Indeed, ever since Deng, China's demonstrated a profound ability to adapt - in sharp contrast to the Soviets digging deeper in dogma. Hats off to the Chinese for what they've managed to accomplish - and all this fascinating analysis can be gleaned from something as miniscule as the number of chassis wheels on a cargo plane.
 

gelgoog

Senior Member
Registered Member
@halflife3 it is just that the Soviets typically had increased requirements for their aircraft to be able to land on rough or poorly paved runways than say the West back then or China today. With more road wheels you can distribute the weight better so you can land on rougher runways. This also applied to Soviet civil aircraft like the Tu-154.

Russia today is making huge investments into improving the quality of civilian runways and I would not be surprised if the same also applied to military airfields but Russia is quite large so they will likely retain a similar requirement.
 
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Tam

Colonel
Registered Member
Russian philosophy when it comes to military equipment (and in other areas) is to make things simpler and cheaper to enable mass production and redundancy. It's rooted in the way they won WW2.

On the high end, Russia can make some of the best equipment out there, but often in limited numbers. Russia's true strength is mass production (but at the expense of quality sometimes).

The larger number of wheels on the Candid can be interpreted in this light. There are more wheels because each individual wheel is a bit weaker (and cheaper to produce) than a Western chassis. But Russia uses more wheels to compensate. Also for redundancy in case of failures and the ability to land on rough air strips.

These small differences illustrate how China is trending away from its Soviet origins (mass) to a modern Western approach (quality and precision). Yes, Russia is trending this way too, but it seems like China may be further along in this process.

Indeed, ever since Deng, China's demonstrated a profound ability to adapt - in sharp contrast to the Soviets digging deeper in dogma. Hats off to the Chinese for what they've managed to accomplish - and all this fascinating analysis can be gleaned from something as miniscule as the number of chassis wheels on a cargo plane.
I am not sure that philosophy holds with the Russian even towards later in the Cold War. The problem with the Russians is they have a population problem; far too many died during World War 2 and that has a long last effect through the Cold War and the modern times in terms of demographics. Don't get the impression that Russia has a population greater than the US, it does not. Currently its population is only 144 million. That's less than half the US alone, and just slightly over that of Japan's. In terms of sheer potential manpower, NATO is all over the Russians.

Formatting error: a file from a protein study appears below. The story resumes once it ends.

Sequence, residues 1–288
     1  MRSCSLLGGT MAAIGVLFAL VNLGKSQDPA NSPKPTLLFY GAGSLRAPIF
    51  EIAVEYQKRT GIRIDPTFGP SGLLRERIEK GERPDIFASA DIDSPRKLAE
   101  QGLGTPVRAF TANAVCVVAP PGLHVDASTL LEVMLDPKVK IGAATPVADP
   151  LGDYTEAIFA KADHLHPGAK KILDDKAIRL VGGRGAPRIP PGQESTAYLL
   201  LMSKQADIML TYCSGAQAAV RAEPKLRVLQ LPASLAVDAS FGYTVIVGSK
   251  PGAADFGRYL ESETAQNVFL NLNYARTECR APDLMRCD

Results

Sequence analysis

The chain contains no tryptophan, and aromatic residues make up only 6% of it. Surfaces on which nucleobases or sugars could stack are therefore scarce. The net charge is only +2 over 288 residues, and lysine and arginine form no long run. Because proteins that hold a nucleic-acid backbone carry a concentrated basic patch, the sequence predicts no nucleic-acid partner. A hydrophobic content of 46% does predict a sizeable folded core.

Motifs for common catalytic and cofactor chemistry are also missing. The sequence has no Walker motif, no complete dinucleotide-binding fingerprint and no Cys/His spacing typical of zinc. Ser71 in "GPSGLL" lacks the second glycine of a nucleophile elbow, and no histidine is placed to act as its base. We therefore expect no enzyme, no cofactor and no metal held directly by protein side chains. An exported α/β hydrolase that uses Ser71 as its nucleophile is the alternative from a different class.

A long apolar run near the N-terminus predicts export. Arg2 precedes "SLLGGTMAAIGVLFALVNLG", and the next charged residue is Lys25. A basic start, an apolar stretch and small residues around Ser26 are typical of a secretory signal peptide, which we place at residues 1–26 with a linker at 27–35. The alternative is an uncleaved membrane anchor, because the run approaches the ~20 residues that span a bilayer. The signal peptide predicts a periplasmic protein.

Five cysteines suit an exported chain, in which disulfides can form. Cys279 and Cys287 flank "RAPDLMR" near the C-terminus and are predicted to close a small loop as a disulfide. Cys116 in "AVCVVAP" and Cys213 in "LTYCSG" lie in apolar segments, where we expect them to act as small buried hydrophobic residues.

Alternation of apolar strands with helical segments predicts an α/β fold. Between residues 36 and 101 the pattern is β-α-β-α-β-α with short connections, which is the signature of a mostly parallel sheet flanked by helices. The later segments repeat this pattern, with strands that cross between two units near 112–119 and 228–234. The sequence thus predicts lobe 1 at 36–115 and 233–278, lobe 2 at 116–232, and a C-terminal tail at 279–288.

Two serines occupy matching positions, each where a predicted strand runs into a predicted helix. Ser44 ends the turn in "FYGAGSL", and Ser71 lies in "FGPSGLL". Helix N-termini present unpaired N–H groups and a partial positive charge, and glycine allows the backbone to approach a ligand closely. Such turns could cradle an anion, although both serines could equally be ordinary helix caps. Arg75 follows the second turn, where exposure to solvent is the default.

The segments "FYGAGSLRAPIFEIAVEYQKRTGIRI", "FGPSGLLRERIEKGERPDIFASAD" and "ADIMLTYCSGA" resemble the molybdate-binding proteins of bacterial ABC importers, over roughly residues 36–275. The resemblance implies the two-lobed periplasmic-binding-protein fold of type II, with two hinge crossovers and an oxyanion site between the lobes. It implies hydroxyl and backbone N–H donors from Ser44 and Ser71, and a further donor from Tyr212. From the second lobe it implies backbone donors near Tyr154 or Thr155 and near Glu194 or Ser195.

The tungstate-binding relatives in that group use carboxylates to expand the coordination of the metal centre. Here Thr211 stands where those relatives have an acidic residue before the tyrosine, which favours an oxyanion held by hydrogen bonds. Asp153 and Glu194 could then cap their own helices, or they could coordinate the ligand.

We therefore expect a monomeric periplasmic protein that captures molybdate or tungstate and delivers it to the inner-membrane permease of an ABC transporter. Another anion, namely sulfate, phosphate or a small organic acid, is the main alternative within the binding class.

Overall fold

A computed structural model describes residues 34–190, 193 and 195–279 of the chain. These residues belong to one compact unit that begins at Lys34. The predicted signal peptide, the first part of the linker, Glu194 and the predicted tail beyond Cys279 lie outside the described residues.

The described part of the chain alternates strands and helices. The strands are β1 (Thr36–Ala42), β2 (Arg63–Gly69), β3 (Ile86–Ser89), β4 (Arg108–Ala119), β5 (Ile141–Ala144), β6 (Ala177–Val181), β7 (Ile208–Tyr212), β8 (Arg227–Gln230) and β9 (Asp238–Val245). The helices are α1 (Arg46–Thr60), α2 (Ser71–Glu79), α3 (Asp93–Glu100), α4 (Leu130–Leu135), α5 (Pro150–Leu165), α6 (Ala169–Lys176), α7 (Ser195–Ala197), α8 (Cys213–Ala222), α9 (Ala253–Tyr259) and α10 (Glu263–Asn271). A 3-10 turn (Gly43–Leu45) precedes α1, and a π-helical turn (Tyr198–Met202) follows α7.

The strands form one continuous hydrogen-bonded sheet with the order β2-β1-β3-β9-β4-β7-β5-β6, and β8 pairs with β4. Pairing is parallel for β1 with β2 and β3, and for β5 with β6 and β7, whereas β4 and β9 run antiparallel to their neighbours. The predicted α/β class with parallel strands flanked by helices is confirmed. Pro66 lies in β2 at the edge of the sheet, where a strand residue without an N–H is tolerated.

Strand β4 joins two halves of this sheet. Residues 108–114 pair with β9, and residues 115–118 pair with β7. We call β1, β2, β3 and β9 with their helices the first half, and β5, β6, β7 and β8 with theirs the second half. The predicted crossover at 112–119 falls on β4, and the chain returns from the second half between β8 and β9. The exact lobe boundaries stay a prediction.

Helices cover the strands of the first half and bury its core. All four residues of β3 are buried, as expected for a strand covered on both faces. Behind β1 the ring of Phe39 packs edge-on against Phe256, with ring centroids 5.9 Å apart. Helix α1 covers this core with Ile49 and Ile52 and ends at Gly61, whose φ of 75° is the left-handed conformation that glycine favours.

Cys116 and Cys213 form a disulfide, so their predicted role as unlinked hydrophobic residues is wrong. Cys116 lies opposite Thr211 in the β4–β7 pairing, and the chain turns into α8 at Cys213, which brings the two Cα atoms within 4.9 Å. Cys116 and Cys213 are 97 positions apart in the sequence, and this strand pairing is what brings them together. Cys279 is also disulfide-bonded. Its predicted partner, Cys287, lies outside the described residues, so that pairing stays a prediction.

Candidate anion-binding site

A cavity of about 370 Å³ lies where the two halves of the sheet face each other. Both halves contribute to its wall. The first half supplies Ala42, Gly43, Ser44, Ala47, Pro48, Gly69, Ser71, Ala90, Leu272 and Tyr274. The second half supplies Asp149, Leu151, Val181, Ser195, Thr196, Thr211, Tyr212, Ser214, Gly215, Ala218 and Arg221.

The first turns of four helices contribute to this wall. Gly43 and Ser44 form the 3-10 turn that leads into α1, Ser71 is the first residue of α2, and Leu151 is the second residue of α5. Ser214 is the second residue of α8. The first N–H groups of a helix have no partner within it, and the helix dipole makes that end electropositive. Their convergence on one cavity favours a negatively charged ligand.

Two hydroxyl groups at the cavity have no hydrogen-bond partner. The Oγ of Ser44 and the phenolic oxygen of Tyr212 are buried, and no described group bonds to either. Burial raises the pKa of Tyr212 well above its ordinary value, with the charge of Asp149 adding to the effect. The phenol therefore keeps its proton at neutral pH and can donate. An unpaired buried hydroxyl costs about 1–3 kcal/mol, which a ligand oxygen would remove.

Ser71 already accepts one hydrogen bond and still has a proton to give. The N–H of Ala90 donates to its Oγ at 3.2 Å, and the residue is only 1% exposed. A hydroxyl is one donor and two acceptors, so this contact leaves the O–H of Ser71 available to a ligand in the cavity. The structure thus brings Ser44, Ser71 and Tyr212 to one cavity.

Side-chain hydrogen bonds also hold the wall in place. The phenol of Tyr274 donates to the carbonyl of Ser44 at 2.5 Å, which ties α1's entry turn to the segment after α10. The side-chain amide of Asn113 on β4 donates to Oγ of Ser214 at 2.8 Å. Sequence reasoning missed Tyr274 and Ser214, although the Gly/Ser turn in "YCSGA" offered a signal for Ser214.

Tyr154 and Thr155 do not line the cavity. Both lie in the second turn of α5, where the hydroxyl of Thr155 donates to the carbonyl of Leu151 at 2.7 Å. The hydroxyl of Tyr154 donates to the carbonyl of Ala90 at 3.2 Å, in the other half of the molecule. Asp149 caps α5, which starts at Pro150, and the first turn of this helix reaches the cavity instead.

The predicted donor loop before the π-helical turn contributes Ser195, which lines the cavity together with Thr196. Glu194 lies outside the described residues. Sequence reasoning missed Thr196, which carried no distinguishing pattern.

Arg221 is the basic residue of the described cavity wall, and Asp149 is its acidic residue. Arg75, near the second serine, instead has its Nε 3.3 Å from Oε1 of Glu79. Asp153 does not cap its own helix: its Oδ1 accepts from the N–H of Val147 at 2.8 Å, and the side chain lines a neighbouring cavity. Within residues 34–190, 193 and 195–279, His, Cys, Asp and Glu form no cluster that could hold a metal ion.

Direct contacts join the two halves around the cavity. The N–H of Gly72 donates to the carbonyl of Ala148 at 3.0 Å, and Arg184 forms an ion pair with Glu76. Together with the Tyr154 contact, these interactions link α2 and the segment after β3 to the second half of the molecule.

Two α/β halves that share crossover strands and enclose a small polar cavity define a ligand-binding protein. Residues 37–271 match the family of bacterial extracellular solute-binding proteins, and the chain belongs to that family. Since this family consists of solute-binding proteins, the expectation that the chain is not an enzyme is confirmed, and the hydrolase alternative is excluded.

This is one reason why Russian tanks are fitted with autoloaders to reduce the crew per tank, compared to NATO and US tanks that were manually reloading. Their move towards semi-robot Armata tanks even later also underlines this. And once again, recent efforts to develop robotic soldiers in the battlefield. Towards later, their Soviet Union, then Russia, the focus is to put as much bang into every available unit, new or old.

One of the reasons why the quality of the Soviet Union fell off --- earlier T-34s look better built than later T-34s, even if the later models had a more powerful gun --- is because Stalin sent experienced factory workers to the front lines where they ended up dying and leaving the country with less and less of a skilled workforce. The death of an entire generation of skilled factory workers would reverberate for decades to come as those skills were not replaced easily.

Fortunately for the Russians, those mistakes were countered by the fatal German obsession for over engineering. Whereas it might have been wiser if the Germans made their copy of the T-34, which there were prototypes, they went ahead to build complex, over engineered tanks that cost too much, needed too many man hours to build, ate too much fuel, and had reliability issues. Some of these ideas included electric drive on tanks --- Dr. Porsche championed that --- when the country is short for copper. Fast forward to today, there are still projects in the West that can be regarded as 'Elefants'.

What the Chinese defense complex is trying to do is taking these lessons, and their own experience, to avoid these two extremes, through a precise, well calculated and rational path of development.

As for the number of wheels on the Candid, they are expected to land on rough strips and damaged airfields, like what you would expect of a NATO airbase when the Spetnaz takes over.